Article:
|by Gustave Courtois|
A few years ago, I had the privilege of editing a new anthology series, Lace and Blade, from Norilana Books. The concept was a certain flavor of elegant, romantic sword and sorcery, witty and stylized, sensual yet with plenty of swashbuckling action (think The Scarlet Pimpernel with magic). Because we wanted to release the first volume for Valentine’s Day, I contacted a group of seasoned professional authors, people I could depend on to understand what I was looking for and to deliver top quality stories to deadline. For various reasons, the publisher wanted the second volume to be open submissions. If I'd had any idea what I was getting myself into, I would have refused. Insulated in the world of competent fantasy writers and readers who are versed in the grandeur of writers from J.R.R. Tolkien to Tanith Lee, I was ill-prepared for what mundanes think of when they hear “fantasy.”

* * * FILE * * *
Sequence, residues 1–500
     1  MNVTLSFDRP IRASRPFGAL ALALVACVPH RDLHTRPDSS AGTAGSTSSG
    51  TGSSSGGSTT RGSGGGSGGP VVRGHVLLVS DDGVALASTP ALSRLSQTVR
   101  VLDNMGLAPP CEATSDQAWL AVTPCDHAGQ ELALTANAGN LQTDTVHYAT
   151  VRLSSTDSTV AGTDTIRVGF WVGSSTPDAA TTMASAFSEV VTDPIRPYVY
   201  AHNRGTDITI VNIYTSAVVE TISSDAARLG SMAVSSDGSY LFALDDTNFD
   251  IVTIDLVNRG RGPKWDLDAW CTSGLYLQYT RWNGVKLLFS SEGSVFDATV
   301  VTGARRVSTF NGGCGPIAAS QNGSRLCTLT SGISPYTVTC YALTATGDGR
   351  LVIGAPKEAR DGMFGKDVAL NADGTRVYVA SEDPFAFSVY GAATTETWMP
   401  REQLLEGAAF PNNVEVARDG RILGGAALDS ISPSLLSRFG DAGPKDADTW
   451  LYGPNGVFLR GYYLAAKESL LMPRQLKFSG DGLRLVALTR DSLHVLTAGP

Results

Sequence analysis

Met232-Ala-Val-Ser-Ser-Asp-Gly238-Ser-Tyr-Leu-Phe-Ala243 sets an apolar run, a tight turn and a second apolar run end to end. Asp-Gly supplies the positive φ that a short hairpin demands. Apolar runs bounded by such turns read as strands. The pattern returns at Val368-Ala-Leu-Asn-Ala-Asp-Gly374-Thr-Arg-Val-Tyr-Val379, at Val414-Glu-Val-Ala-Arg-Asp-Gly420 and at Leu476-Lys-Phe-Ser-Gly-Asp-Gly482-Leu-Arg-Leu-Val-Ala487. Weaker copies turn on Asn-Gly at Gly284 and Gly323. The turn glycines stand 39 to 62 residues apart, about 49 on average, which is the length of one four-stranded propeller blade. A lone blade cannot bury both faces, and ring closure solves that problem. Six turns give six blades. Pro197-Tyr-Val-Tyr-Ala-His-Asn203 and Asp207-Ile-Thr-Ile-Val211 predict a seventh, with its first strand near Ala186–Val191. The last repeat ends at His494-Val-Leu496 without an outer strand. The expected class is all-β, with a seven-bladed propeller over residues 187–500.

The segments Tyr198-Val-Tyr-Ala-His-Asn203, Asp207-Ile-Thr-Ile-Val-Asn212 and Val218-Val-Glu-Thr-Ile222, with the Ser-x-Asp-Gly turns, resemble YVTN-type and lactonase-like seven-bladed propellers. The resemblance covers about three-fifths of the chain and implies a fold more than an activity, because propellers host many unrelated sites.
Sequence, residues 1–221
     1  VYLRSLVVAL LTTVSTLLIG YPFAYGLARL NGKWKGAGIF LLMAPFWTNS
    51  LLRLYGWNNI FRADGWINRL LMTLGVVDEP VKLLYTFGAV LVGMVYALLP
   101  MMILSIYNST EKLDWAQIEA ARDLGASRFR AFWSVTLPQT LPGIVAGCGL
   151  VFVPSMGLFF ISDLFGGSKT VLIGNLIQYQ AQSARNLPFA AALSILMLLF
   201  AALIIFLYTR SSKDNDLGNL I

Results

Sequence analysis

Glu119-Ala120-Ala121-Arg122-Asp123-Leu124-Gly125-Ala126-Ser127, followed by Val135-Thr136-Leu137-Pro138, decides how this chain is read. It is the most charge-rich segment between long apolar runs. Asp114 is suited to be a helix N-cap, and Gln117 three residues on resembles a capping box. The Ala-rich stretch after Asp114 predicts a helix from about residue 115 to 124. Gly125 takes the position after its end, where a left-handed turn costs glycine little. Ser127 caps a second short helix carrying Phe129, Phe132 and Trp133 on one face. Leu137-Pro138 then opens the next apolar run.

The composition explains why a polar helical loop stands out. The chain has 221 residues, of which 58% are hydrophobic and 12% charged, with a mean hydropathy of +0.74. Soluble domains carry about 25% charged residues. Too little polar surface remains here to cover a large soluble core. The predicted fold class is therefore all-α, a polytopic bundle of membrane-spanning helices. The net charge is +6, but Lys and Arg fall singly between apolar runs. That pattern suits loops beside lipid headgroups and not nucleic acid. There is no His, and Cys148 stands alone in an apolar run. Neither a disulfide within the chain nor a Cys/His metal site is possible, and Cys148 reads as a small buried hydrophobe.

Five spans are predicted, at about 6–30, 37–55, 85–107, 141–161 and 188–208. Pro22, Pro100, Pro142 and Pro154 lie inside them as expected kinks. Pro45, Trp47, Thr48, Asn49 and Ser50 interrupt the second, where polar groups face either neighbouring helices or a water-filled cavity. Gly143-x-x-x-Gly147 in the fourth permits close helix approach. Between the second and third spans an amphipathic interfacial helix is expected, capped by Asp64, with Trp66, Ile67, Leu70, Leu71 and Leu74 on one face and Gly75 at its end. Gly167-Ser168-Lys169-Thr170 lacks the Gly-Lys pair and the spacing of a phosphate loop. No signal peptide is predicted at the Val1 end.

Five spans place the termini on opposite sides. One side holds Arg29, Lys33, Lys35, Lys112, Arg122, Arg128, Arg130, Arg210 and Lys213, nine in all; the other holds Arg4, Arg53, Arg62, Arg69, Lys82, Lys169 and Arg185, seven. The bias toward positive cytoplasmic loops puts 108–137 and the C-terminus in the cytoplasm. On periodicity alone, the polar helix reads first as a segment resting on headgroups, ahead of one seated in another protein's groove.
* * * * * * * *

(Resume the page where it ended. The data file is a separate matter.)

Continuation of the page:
Needless to say, when I talk about sexuality or eroticism or sensuality or gender issues in fantasy, I do not mean pornography. It seems that for far too many people, sexuality is such an emotionally difficult subject that instead of facing it honestly, discussing it openly, they shroud it in prurience and embarrassment, or else turn it into something salacious or forbidden. Yet just about every human being over the age of puberty has had sexual feelings (notice my delicate use of qualifiers). So if sexuality in fantasy does not mean “your most lascivious and pornographic imaginings, regardless of whether you’d really like to do these things, because how would you know what you enjoy if you’ve never been permitted to experiment,” what is the role of sexuality in fantasy? Does it even have one? Should we keep sex out of fantasy literature, restrict the love stories to a chaste kiss now and again, and keep the hero/ine’s mind firmly fixed on nobler causes?